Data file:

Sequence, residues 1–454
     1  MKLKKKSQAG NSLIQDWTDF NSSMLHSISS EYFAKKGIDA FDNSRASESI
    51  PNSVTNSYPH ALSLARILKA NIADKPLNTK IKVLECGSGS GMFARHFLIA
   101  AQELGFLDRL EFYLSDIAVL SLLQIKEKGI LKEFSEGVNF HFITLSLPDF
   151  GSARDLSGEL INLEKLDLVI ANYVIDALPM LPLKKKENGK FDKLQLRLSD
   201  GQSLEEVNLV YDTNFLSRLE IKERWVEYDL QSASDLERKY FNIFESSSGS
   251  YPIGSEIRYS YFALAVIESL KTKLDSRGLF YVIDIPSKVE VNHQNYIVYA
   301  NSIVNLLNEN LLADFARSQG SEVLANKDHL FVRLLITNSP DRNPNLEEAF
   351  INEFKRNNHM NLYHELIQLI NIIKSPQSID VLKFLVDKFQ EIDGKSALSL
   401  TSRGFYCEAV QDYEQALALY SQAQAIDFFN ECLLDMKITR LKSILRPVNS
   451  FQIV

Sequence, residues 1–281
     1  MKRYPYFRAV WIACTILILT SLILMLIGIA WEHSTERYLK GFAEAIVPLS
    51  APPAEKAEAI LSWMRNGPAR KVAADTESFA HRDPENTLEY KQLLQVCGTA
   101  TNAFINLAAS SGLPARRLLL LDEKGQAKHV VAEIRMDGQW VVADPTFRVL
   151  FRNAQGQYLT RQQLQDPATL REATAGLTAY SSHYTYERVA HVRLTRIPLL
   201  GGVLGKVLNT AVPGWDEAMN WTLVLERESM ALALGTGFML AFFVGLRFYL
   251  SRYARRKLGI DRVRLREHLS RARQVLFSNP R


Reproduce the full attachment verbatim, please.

Sequence, residues 1–454
     1  MKLKKKSQAG NSLIQDWTDF NSSMLHSISS EYFAKKGIDA FDNSRASESI
    51  PNSVTNSYPH ALSLARILKA NIADKPLNTK IKVLECGSGS GMFARHFLIA
   101  AQELGFLDRL EFYLSDIAVL SLLQIKEKGI LKEFSEGVNF HFITLSLPDF
   151  GSARDLSGEL INLEKLDLVI ANYVIDALPM LPLKKKENGK FDKLQLRLSD
   201  GQSLEEVNLV YDTNFLSRLE IKERWVEYDL QSASDLERKY FNIFESSSGS
   251  YPIGSEIRYS YFALAVIESL KTKLDSRGLF YVIDIPSKVE VNHQNYIVYA
   301  NSIVNLLNEN LLADFARSQG SEVLANKDHL FVRLLITNSP DRNPNLEEAF
   351  INEFKRNNHM NLYHELIQLI NIIKSPQSID VLKFLVDKFQ EIDGKSALSL
   401  TSRGFYCEAV QDYEQALALY SQAQAIDFFN ECLLDMKITR LKSILRPVNS
   451  FQIV

Sequence, residues 1–281
     1  MKRYPYFRAV WIACTILILT SLILMLIGIA WEHSTERYLK GFAEAIVPLS
    51  APPAEKAEAI LSWMRNGPAR KVAADTESFA HRDPENTLEY KQLLQVCGTA
   101  TNAFINLAAS SGLPARRLLL LDEKGQAKHV VAEIRMDGQW VVADPTFRVL
   151  FRNAQGQYLT RQQLQDPATL REATAGLTAY SSHYTYERVA HVRLTRIPLL
   201  GGVLGKVLNT AVPGWDEAMN WTLVLERESM ALALGTGFML AFFVGLRFYL
   251  SRYARRKLGI DRVRLREHLS RARQVLFSNP R